If you buy music from an online music store, you may be getting much less than you thought. Today EFF released "The Customer Is Always Wrong: A User's Guide to DRM in Online Music," which exposes how today's digital rights management (DRM) systems compromise a consumer's right to lawfully manage her music the way she wants.
The guide takes a close look at popular online music services provided by Apple, RealNetworks, and Napster 2.0, as well as Microsoft's "Plays For Sure" DRM campaign. In an effort to attract customers, these companies try to obscure the restrictions they impose on you with clever marketing. Unfortunately, bypassing these hidden restrictions to make perfectly legal uses puts you at risk of liability under the Digital Millennium Copyright Act (DMCA).
Just last week the StorageTek decision had copyfighters everywhere rejoicing that companies can't use the Digital Millennium Copyright Act (DMCA) to bar third-party repairs. Sadly, the same can't be said about third-party innovation.
Lexmark, one of the largest makers of laser printers, is a believer in the "give away the razors, but charge them for the blades" tactic, counting on the fact that consumers routinely underestimate "life cyle costs" for products like printers. In other words, if you low-ball your customers on the price for the printer, you can gouge them later for ink.
Until now, those kinds of business practices have been held in check by secondary markets that restrain a manufacturer's ability to overcharge for "consumables." That's where cartridge remanufacturers come in -- they refill Lexmark cartridges and sell them for less than new cartridges sold by Lexmark.
Spying on telephone and Internet traffic should be law enforcement's last resort -- carefully limited to protect the privacy of innocent people, conducted only during critical investigations. Unfortunately, the European Union is contemplating passing laws that would treat all of its citizens like criminal suspects.
Next week, the Justice and Home Affairs Council of the EU Council of Ministers will consider forcing phone companies and Internet service providers (ISPs) to collect and keep records of their customers' private phone calls and Internet communications, as well as the location data for their mobile devices. And within the month, another wing of the EU, the European Commission, will unveil a draft law to make creating these records of people's private communications compulsory all across Europe.
Join grassroots groups and households around the country who, during the first two weeks of September, will be hosting premieres of the ACLU's "Beyond the Patriot Act" -- a 30-minute program from producers of "Outfoxed" and "Unconstitutional." The program, the first in a series called "The ACLU Freedom Files," is designed to spark action and reveal how civil liberties affect real people every day. It features stirring accounts of current cases, as well as well-known actors, activists, and comedians.
Hosting a showing is easy and energizing -- and it's a great way to mobilize people and influence the debate that's about to resume in Congress. You can see the program on television or on the Web, and DVDs are available for purchase. Check out the website for details on scheduled broadcasts and organizing a local showing.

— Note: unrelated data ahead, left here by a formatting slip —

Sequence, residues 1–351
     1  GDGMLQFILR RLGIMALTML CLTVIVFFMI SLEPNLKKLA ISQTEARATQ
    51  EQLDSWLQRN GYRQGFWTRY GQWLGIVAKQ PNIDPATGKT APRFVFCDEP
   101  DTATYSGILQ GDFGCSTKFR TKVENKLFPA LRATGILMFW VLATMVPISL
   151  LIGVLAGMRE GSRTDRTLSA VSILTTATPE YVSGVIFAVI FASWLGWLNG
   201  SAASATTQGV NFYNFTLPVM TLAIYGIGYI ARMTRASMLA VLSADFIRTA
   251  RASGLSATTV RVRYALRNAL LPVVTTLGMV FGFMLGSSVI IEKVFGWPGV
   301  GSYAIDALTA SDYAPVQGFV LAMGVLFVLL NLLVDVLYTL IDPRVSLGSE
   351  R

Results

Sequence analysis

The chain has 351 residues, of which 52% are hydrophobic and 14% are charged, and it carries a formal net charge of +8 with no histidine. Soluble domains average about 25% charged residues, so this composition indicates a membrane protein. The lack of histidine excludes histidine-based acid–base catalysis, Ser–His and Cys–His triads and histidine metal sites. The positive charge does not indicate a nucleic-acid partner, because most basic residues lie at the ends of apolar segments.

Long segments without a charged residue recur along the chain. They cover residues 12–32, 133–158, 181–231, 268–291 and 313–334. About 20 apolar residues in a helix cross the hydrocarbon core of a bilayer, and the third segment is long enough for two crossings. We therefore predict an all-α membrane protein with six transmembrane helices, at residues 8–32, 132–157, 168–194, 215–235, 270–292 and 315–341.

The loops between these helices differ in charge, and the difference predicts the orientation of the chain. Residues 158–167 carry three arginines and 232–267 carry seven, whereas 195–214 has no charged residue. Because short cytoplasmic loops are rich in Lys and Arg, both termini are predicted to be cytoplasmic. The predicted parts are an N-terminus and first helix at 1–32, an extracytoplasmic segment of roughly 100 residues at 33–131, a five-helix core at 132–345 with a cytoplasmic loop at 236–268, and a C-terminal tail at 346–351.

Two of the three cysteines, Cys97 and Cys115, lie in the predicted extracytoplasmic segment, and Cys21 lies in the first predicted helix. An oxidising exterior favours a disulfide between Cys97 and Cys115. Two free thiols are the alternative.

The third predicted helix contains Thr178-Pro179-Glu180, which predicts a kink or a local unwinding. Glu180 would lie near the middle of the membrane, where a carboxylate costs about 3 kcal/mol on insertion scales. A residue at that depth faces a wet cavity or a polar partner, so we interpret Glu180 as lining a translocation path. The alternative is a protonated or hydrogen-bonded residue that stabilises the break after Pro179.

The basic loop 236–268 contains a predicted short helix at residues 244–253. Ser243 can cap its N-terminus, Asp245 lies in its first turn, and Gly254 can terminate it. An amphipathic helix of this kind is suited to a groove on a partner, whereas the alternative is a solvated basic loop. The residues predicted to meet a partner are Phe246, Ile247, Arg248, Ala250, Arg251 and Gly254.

Last month we posted a bit about the copyright debates surrounding the Google Print library project. Noted Washington DC copyright lawyer Jonathan Band has just published an article entitled "The Google Print Library Project: A Copyright Analysis" in the August issue of E-Commerce Law & Policy (a copy is posted on his website at PolicyBandwidth.com).
The article does a very good job of (1) actually explaining what Google is doing, and (2) discussing the copyright law principles that might apply. His conclusion?
For some time, the RIAA has been pushing the FCC to impose a copy-protection mandate on the makers of next-generation digital radio receiver/recorders (think TiVo-for-radio).
Now, as reported by Public Knowledge's Mike Godwin, the entire music industry has taken up the cause and is beating the drum in Congress.
Never mind that digital audio broadcasting is not significantly greater in quality than regular, analog radio. Never mind that it's of vastly less quality than that of audio CDs. In spite of these inconvenient facts, the RIAA is hoping that the transition to "digital audio broadcasting" will provide enough confusion and panic that they can persuade Congress or the FCC to impose some kind of copy-protection scheme or regulation on digital radio broadcast.
The World Intellectual Property Organization (WIPO) is the UN agency responsible for treaties involving copyright, patent, and trademark laws. Although WIPO, like other UN agencies, is charged with furthering humanitarian aims, historically it has created treaties that ratchet up intellectual property rights no matter the consequences to the developing world.
This is changing. Brazil and Argentina, leading a group of 14 countries (with the support of other developing nations such as India, Pakistan, and the African Group), have demanded that WIPO adopt a "development agenda," whereby all of its new treaties will take into account international development goals. Now comes the hard part: turning this proposal into a concrete plan of action.
Have you noticed that when you "update" a product these days, you have to be on your guard lest the vendor slip in a "downgrade"? Like when Apple "updated" iTunes to reduce the number of burns you could make from the music you bought from the iTunes Music Store?
Congressman Rick Boucher (D-VA) continues to be one of the smartest voices
on technology policy in Washington, and a strong advocates on the Hill for fair use and
reform of the DMCA. He's been involved in Net issues for over a decade (his first Internet legislation helped open the Internet up for public use in 1992), and has worked hard to reconcile all sides in the copyfight.
This Monday lunchtime, he'll be talking at Stanford Law School on DC's
reaction to MGM v. Grokster, and possible options for legal online music